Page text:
Japan’s southern island of Kyushu may not be the first destination travelers think of when visiting the Land of the Rising Sun. But it is home to some of the nation’s most storied cities. Located roughly 530 miles away from Tokyo, Kyushu is known for its slow pace, natural beauty, and having the most onsens of any city — thanks to the nine active volcanoes in the area, including Mount Aso in Kumammoto, as well as the constantly grumbling Sakurajima volcano in Kagoshima. The island’s cultural impact shouldn’t be overlooked either, with cities like Fukuoka boasting some of the best food in the nation, along with birthing world famous labels, such as nanamica.
David Abrahams grew up far away in England’s northern city of Leeds. Like many, however, the British photographer fell in love with the fiery beauty of Kyushu to the point where he’s dedicated his upcoming exhibition in honor of his experiences. Known for his dreamlike film portraiture that has featured on Vogue covers and Chanel campaigns, Abrahams opted to turn his focus on the seemingly mundane instances of daily life in the coastal city of Karatsu: a rusty corner of a muscle car, the inside window of a storefront or the moss growing on a tombstone.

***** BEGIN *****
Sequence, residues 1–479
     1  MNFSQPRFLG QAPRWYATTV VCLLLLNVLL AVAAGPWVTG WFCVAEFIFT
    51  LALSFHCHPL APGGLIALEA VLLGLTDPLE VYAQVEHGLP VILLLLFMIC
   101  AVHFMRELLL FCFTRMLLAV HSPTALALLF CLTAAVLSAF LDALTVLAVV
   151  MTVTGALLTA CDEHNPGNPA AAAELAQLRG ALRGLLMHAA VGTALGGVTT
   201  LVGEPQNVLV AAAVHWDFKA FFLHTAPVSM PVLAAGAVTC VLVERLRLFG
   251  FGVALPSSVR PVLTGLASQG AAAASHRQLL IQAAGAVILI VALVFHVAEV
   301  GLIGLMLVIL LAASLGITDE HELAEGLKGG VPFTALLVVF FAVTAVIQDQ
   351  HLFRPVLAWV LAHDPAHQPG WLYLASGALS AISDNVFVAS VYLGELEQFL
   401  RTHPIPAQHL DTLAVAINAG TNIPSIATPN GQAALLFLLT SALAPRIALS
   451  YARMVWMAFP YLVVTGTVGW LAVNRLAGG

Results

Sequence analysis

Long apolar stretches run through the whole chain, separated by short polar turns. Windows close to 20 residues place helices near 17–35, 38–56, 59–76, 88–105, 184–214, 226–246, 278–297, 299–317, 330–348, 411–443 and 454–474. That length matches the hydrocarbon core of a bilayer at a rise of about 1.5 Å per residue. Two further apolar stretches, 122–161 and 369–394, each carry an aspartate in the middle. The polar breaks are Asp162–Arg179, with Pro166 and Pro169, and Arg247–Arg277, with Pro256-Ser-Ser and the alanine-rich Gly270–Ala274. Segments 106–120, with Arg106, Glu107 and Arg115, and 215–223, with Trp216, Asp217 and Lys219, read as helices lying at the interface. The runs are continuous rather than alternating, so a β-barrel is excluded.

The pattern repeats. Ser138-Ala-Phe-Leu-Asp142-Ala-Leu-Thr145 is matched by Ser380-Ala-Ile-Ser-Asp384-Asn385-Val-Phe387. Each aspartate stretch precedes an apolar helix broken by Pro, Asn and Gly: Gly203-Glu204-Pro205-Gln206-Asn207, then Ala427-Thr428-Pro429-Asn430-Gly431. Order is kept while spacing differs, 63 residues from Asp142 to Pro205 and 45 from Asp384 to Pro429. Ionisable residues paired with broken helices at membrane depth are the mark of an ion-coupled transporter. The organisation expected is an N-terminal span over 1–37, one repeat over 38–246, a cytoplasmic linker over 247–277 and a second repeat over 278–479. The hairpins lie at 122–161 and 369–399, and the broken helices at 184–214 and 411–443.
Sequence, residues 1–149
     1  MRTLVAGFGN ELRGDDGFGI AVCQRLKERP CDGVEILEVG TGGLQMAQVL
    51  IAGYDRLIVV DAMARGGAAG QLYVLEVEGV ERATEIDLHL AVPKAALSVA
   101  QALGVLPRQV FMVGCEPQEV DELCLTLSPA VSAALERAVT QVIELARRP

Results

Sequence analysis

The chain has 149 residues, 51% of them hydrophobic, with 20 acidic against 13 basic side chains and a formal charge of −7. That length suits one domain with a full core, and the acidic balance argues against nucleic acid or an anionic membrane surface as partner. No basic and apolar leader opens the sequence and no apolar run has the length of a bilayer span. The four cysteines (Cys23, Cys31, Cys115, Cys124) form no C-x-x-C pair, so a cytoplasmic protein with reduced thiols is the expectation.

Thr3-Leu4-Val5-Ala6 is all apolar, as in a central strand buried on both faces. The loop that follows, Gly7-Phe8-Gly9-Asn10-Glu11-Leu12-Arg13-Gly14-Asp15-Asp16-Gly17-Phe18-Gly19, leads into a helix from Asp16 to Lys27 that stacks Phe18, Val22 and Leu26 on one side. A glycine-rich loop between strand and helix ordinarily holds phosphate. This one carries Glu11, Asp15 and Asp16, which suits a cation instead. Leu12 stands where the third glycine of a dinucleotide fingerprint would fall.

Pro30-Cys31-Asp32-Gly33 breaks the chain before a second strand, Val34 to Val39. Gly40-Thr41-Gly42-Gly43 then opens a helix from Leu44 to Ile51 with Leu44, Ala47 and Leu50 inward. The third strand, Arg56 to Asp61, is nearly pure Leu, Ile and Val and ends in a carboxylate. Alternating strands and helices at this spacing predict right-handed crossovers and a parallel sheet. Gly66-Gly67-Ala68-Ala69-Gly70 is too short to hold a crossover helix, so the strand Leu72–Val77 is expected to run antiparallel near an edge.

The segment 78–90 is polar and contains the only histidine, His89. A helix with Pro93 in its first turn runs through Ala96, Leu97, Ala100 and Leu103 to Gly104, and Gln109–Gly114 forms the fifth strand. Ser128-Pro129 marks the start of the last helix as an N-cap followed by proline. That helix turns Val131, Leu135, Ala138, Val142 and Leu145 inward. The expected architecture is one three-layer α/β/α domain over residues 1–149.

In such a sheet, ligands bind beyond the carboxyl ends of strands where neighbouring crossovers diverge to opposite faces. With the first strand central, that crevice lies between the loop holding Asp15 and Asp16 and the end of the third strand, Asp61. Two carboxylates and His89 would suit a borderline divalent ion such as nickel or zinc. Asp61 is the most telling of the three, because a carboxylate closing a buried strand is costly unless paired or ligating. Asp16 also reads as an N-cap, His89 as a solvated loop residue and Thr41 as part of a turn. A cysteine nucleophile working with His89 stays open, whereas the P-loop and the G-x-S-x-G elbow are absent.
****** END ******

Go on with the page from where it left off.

“There is a strong sense of observation from a space of isolation,” Abrahams said in a statement, “and as such these images take on a sort of voyeuristic, solitary approach. As a photographer, there is always an intention: when you frame something it’s always about what you are trying to show or depict. There’s a fine line between documenting, idealizing and culturally appropriating the place you have photographed.”
Abrahams developed the roughly 60 photos he took on his travels in a darkroom of his North London studio, as if exploring “a distant memory or a dream. Taking out the original context, and exploring the images I was naturally drawn to,” he added. Kyushu will open on August 31 at Have A Butchers in East London and run through September 8.
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